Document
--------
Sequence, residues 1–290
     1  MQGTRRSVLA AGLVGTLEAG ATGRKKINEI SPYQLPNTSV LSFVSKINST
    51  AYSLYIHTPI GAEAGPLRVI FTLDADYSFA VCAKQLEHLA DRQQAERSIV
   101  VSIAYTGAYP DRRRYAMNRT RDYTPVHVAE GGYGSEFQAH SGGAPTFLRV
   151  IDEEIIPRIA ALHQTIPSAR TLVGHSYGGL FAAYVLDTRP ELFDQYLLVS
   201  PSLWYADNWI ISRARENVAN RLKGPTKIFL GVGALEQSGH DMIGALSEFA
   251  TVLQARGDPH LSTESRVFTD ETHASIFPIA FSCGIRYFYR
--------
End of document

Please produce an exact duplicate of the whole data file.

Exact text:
Sequence, residues 1–290
     1  MQGTRRSVLA AGLVGTLEAG ATGRKKINEI SPYQLPNTSV LSFVSKINST
    51  AYSLYIHTPI GAEAGPLRVI FTLDADYSFA VCAKQLEHLA DRQQAERSIV
   101  VSIAYTGAYP DRRRYAMNRT RDYTPVHVAE GGYGSEFQAH SGGAPTFLRV
   151  IDEEIIPRIA ALHQTIPSAR TLVGHSYGGL FAAYVLDTRP ELFDQYLLVS
   201  PSLWYADNWI ISRARENVAN RLKGPTKIFL GVGALEQSGH DMIGALSEFA
   251  TVLQARGDPH LSTESRVFTD ETHASIFPIA FSCGIRYFYR